The FOLLOW UP:

And now that you’ve laid out your brilliant plan…

vector of listening vs absorption in a presentation

You will have a “need for speed” if laying out your master plan in a room full of multitasking listeners!

  1. How are you going to make sure that the team begins to act on what they learned? Ending a rousing presentation with “Go Forth and Conquer” is good, but not if they forget to “Conquer” because they stopped off at the 2:1 Happy Hour immediately afterwards.
  2. Is there a follow up plan to reinforce the plan within smaller groups/teams in the coming months?
  3. Is there a way to measure the participation of different sub groups in the plan? If the work flow goes Team A to Team B to Team C, nothing may be coming out of Team C but it may be because Team B isn’t playing by the new rules. Figure out how you’ll check for effectiveness.
  4. Did you plan any sort of recognition or public acclaim for those who embrace the plan and drive results? Better yet did you get the “buy in” of a few highly respected, key team members to visibly model the behaviors you’re looking for before you even rolled the plan? (For advice on who you want, read this.) You want to make sure the thought leaders and star players are on board because if the only people following the new plan are your “weaker” players, this sort of recognition will backfire.
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Speed Read an Organization with our Easy Guide

Even if your plan doesn’t quite resemble world domination, you still want to work out these key items before you roll out any major changes to your team.  Need to know what else to consider before changing things up at the office? Read our 10.5 rules on turnaround here.  If you’d like our free guide, Reading the Terrain which helps you “speed read” an organization, just sign up for our weekly newsletter.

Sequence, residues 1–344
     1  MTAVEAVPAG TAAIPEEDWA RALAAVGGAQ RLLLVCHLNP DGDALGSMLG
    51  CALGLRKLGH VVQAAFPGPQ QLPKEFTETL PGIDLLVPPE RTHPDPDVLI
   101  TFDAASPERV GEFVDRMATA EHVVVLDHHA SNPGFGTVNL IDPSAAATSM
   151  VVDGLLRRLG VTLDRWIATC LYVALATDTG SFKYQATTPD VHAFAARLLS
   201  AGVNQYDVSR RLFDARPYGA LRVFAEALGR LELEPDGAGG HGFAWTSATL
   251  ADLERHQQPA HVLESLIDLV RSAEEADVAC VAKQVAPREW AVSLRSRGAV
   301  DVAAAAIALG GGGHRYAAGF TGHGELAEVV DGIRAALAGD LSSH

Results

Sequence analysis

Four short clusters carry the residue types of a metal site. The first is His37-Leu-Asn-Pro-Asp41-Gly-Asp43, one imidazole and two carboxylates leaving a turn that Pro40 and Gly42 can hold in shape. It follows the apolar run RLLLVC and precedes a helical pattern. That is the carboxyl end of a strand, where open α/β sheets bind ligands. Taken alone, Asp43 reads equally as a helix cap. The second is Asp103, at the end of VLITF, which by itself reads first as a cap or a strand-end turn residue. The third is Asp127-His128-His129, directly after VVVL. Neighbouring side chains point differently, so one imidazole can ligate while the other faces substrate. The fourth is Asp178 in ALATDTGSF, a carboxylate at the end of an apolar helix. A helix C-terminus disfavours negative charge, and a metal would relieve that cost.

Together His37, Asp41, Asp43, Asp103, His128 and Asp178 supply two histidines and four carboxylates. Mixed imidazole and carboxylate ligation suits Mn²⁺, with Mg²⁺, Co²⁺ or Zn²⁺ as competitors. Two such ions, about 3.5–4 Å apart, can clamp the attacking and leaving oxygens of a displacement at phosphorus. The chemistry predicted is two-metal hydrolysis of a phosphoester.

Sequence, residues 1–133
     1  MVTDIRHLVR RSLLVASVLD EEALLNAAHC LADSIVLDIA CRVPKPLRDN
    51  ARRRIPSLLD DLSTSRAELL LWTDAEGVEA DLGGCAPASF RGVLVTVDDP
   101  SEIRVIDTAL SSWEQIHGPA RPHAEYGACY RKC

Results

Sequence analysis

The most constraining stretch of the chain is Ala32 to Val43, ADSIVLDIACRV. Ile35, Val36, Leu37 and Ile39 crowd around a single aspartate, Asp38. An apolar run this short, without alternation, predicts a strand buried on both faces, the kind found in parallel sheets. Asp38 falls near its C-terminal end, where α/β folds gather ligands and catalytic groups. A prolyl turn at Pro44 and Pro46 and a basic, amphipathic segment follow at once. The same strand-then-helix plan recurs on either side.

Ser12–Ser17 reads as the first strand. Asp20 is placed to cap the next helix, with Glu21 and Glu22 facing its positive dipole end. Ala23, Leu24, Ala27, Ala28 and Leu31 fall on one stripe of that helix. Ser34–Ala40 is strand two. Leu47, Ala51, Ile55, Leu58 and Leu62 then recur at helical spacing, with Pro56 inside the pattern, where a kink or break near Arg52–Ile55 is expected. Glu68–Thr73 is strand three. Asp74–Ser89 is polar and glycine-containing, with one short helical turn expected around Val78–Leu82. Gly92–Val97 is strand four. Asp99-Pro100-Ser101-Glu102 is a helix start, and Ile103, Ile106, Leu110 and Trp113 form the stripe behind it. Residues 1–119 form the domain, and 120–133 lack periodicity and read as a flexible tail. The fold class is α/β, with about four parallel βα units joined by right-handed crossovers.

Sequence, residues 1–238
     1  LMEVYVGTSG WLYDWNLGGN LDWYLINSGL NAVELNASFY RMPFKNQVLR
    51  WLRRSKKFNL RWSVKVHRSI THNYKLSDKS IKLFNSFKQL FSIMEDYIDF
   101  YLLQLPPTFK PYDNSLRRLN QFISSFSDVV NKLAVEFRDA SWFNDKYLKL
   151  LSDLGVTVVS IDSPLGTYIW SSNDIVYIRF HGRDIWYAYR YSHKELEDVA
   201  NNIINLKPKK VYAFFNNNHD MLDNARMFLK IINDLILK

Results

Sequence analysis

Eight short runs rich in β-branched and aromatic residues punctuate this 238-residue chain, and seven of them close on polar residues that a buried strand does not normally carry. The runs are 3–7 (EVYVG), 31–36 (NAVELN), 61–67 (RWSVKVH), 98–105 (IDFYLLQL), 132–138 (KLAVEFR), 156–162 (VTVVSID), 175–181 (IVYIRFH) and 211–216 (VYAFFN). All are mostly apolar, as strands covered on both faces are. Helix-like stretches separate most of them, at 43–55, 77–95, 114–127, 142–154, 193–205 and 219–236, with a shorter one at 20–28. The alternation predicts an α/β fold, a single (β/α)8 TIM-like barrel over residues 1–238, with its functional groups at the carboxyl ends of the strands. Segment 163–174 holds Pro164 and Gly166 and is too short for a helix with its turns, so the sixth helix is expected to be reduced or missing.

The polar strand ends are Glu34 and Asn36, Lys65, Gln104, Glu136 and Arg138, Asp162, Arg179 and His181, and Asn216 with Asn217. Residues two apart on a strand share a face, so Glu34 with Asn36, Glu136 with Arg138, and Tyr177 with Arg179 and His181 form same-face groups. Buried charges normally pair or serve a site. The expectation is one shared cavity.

What else do you think you need to consider? share your thoughts in the comment section. Or feel free to share your plan for world domination and we’ll critique it.

3 Great Reasons why what worked for you Before isn’t working Now (Pt. 2)

 

rapid rise and descent of a business strategy

Your strategy was working great, then it stopped? Here’s three reasons why it may have stopped working.

It was Working.

Now it’s not working.

Why?

It’s hard to continually grow success. With rare exceptions, the line to the top of the success platform is more often a series of “one step forward, two steps back, a side step, a loop de loop,” and then, finally, “up we go”. One of the most difficult things to come to terms with in both business and personal life is when something that had worked so well for you previously is now not only not working, but may actually be working against you.

So why isn’t it working?

(Go Here if you missed Reason #1, “The ground under your feet changed”)

Reason# 2.  You mistook a one-hit wonder for permanent success.

Pet Rock? Business theory flavor of the month? You had a great run but suddenly its not working,  and now you’re stuck.  Hopefully if you intentionally produced a gimmicky app, product or snack food you knew it was going to be short lived and planned accordingly. But sometimes, you and your product are the beneficiary of lucky circumstances, timing or a specific moment in the market, which can create a false sense of a more permanent success.

Think of a musical group that has their song picked for the soundtrack of a hit movie. The song skyrockets to the top of the charts. Now it’s time for a follow up. Maybe it’s a winner, maybe they were the beneficiary of a moment in time. There will be a big difference in their future between living on the residuals of one mega hit vs owning the Rolling Stones catalog.

Notice I didn’t say that the musical group was any more or less talented or hardworking than any other musical group. Hard work and talent count but there are a lot of hard working and talented people out there and they’re not all giant successes.